On November 5, 2020, the ECF’s Lindsay Fallon and Bryn Harris hosted a virtual social for new faculty where they highlighted their top 10 tips from past ECF posts. See the tips below, linked to the original posts.
In a year in which the election, racial justice, and a global pandemic are at the forefront, take care of yourself to help others.
- Take breaks from watching, reading, or listening to news stories, including social media. Hearing about the pandemic repeatedly can be upsetting.
- Take care of your body by engaging in relaxation techniques (deep breathing, stretching, meditation), healthy eating, exercise, and adequate sleep.
- Make time to unwind and connect with others. Talking with trusted friends and colleagues can help to process difficult events and feelings.
If you are caring for others, be kind to yourself. In this post, Dr. Sterett Mercer reminded us to:
- Match tasks with current capabilities.
- Planning and initiating a major project at a “low point” may not be the best use of time.
- Be aware of the cycles of the work week and academic year and set reasonable expectations.
- Try to relax and stay in the game – burnout is real!
Know that you belong; fake it ‘til you make it. Our anonymous blogger, Dr. Ima Syke, pointed out the following steps to help deal with imposter syndrome:
- Recognize it within yourself and in others.
- Regularly remind yourself of your accomplishments.
- Become keenly aware of your strengths.
- Discuss imposter syndrome with your students.
- Seek support.
Find ways to use time wisely when prepping courses and teaching. Dr. Bryn Harris recommends that you:
- Schedule time to prep.
- Make revisions right away! Take notes during or immediately after class on things that went well and things that need to be improved.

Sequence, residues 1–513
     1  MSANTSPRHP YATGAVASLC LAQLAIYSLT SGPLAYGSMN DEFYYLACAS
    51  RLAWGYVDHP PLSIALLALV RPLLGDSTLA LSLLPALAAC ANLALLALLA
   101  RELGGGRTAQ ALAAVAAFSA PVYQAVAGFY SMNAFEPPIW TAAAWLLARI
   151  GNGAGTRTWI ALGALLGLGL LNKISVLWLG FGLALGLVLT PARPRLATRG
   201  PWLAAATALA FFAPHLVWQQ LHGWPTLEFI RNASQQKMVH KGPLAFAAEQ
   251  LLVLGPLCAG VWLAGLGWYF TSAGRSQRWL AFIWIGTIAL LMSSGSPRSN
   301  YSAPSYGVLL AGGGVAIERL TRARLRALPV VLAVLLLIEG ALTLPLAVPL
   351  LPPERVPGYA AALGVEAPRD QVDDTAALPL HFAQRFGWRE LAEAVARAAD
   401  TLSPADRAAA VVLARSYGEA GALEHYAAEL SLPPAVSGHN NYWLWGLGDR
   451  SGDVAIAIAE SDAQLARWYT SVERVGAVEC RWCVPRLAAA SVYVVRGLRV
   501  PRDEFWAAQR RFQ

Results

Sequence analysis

- Teach early in the week if you can. It forces you to be efficient, and leaves the rest of the week for other tasks.
- Use the notes feature in PowerPoint to remind you what you were thinking when you made the slide a year ago. Be kind to your future self!
Be intentional about how you will mentor and know your limits. Drs. Bryn Harris and Amanda Sullivan advocated that we:
- Seek support from others when stuck and to learn ideas.
- Identify strong role models, be inspired by their style.
- Know your strengths and decide what your approach will be/is.
- Define expectations, roles and goals.
- Set boundaries.
- Follow through with what you say you will do.
You are not wedded to who you were in your cover letter. Dr. Milena A. Keller-Margulis emphasized that it’s important you:
- Don’t think of your research agenda as static but rather inherently reflective and ongoing.
- The best way to determine (or evolve) the general topic(s) of your research agenda is to pay attention to the topics that interest you the most. You might discover this through reading the literature but these ideas may also surface through your practical or field-based experiences.
- Do not be afraid to test drive some areas of interest by getting involved in or exploring new areas, and talking to other people with similar interests.
- These activities will help you narrow your focus to the topics and questions that are the most interesting to you.
It’s awful, but can also teach you a lesson. Dr. Laura Pendergast shared this story: